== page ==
Global benchmark for mobile broadband

September 30, 2016

An alliance of sixteen of the world’s leading phone companies, chip makers and computer manufacturers is working together to make laptops that are mobile broadband ready out of the box.

Wireless chips will be built into laptops and netbooks, making it easier than ever to access 3G broadband on the go.

Consumers buying a laptop will be given the freedom to access the internet from anywhere, whilst network operators will be able to take advantage of a $50 billion opportunity in both emerging and mature markets.

Computers with built-in wireless will be marked to show that they are ready to connect to third and fourth generation wireless networks, and will create a new category of always-connected mobile broadband.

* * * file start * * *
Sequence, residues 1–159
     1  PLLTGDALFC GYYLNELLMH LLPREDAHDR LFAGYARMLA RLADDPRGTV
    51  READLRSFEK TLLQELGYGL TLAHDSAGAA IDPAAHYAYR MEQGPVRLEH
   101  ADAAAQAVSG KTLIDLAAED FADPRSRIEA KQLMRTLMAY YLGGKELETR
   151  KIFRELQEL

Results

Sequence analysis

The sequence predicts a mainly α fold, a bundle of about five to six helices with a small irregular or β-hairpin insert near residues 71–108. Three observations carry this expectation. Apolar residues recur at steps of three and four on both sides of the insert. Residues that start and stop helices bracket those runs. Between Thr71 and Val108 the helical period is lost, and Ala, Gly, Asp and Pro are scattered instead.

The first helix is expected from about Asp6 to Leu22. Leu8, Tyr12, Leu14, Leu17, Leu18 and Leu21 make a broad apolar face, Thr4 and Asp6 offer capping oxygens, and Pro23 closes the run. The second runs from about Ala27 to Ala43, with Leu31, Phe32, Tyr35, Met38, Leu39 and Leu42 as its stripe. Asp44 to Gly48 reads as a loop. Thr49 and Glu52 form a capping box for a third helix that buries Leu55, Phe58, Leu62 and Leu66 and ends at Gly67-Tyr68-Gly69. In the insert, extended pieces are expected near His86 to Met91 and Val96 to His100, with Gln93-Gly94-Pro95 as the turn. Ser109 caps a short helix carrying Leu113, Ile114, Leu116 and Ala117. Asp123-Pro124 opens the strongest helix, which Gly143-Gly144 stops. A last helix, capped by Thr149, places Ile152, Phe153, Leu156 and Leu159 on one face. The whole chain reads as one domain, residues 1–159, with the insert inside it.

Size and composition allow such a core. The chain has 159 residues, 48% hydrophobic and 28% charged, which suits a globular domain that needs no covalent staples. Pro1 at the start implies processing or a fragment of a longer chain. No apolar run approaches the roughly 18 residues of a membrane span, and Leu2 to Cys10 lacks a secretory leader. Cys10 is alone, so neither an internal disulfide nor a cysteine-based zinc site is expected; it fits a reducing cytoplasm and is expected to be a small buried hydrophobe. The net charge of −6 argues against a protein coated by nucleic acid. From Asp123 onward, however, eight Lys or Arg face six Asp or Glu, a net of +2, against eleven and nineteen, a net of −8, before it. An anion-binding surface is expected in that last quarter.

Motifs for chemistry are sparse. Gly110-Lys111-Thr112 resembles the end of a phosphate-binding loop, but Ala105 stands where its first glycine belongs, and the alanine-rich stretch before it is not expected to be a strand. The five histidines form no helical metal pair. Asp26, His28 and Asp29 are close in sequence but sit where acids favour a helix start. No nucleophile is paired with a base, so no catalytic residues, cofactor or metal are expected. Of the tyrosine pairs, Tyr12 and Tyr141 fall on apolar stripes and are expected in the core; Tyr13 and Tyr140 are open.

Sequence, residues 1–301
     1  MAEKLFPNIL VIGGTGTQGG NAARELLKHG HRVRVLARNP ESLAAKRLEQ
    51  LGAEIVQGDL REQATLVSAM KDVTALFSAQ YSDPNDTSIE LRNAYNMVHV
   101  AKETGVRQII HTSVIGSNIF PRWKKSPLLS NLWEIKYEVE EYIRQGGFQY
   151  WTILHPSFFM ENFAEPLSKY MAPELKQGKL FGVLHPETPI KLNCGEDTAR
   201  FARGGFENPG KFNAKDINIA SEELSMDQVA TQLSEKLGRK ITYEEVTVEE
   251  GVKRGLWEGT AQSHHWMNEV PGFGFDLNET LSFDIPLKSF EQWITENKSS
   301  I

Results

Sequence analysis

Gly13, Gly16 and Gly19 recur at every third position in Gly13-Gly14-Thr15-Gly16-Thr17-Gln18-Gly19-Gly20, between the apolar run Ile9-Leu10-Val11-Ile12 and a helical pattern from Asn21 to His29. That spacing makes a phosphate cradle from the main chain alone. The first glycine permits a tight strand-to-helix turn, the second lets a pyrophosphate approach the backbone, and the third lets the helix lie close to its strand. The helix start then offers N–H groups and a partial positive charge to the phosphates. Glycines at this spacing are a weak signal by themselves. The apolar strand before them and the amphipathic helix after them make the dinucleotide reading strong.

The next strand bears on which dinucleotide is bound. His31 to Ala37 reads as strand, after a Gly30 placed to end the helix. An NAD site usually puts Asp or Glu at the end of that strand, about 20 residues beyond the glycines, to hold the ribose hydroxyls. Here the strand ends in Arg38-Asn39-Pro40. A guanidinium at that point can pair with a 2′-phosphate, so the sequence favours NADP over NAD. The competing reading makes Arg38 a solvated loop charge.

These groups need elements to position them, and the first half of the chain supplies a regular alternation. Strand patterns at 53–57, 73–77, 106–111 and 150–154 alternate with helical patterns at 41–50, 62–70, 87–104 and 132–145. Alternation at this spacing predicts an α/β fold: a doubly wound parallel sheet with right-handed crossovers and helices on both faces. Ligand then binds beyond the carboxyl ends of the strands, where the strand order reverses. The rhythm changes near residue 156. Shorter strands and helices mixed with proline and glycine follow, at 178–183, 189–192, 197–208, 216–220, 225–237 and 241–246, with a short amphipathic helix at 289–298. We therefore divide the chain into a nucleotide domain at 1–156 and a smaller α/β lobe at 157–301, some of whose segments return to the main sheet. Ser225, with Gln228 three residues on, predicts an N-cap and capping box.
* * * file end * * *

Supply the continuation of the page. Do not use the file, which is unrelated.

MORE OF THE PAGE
The Mobile Broadband service mark – designed to look like a floating cloud or two flying birds – is being backed by $1 billion investment from the telecoms industry, and will set the global standard for mobile broadband.

Laptops bearing the mark must support mobile broadband at speeds of at least 3.6Mbps, with 7.2Mbps recommended.

Only GSM networks have received the backing of the mark, meaning that the laptops will be able to connect to HSDPA and LTE services, but not to WiMax.

WiMax, which provides high speed mobile internet access at low cost, has only just been installed in the US, and it is unknown whether or not it will prove popular with consumers.

Companies taking part in the scheme include 3, Asus, Dell, Ericsson, Lenovo, LG, Microsoft, Orange, Qualcomm, Telefónica Europe, Telecom Italia, TeliaSonera, T-Mobile, Toshiba and Vodafone

It is expected that the laptops will be available to purchase in 91 countries around the world by Christmas 2016.


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